Heat and Lust: Hesiod’s Midsummer Festival Scene Revisited

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Appendix 2. On Zephyros (WD 594)

The detail of the west wind Zephyros seems to be well planned as it matches the atmosphere of relaxation and replenishment which WD foresees for this period. In Homer Zephyros can be beneficent towards crops. Odyssey 7.119-122 relates that the wind blows favorably in the paradisal fairyland of Phaeacia, encouraging the eternal growth and ripening of fruit: [1]

… ἀλλὰ μάλ’ αἰεί
Ζεφυρίη πνείουσα τὰ μὲν φύει, ἄλλα δὲ πέσσει.
ὄγχνη ἐπ’ ὄγχνῃ γηράσκει, μῆλον δ’ ἐπὶ μήλῳ,
αὐτὰρ ἐπὶ σταφυλῇ σταφυλή, σῦκον δ’ ἐπὶ σύκῳ.

But Zephyros, always
blowing, makes some fruit grow, while others it ripens.
Pear after pear grows old, apple after apple,
grape cluster after grape cluster, fig after fig.

The burgeoning of crops is an implicit theme of Hesiod’s festival scene. The allusion to Zephyros at WD 594 serves as a pointed reminder that this wind in particular has been instrumental to the success of the cereal harvest; hence the reposing farmer gratefully faces westward. An attitude of thankfulness makes good sense also because an archaic farmer would be well aware of the potentially devastating effects of Zephyros, particularly on the cereal crop:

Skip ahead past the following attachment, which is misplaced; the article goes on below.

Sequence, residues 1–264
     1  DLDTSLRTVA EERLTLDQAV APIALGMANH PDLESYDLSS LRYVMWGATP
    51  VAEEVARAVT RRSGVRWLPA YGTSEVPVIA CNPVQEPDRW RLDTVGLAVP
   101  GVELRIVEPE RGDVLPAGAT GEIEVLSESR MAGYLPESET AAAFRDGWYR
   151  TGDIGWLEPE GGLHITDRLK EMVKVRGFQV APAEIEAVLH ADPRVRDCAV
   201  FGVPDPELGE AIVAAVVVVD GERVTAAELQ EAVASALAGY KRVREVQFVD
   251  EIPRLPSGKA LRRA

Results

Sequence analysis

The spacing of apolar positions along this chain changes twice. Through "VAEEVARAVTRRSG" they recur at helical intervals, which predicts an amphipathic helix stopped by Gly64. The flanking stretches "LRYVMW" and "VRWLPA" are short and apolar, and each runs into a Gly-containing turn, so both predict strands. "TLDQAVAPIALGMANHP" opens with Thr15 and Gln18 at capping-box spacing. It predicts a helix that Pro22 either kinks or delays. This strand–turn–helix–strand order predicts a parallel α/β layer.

just as when Zephyros ruffles a thick cornfield with his coming,
rushing on in violence, and the field bends with its stalks,
just so the entire throng moved.

This wind, too, cools the heroic dead (cf. ἀναψύχειν ἀνθρώπους, Odyssey 4.568) in the Elysian fields, and presumably does the same to Hesiod’s farmer at midsummer. [


[ back ] 1. Zephyros’ fertilizing nature may explain why, as the spring wind, he impregnated the Harpy Podargê when she grazed in the guise of a filly near the banks of Okeanos: Iliad 16.149 f. (On this wind’s straightforward erotic associations, cf. Voigt 1971. 306-307 on Alcaeus fr. 327 [LP].) See also Nagy 1979.167-168,196, 204, 206-208.

[ back ] 2. Elsewhere in Homer (Iliad 23.200, Odyssey 5.295, 12.289) the west wind also appears as an unfavorable (δυσαής) storm-wind at sea.

[ back ] 3. On anapsukhein, see also Nagy 1990b. 92. n. 39.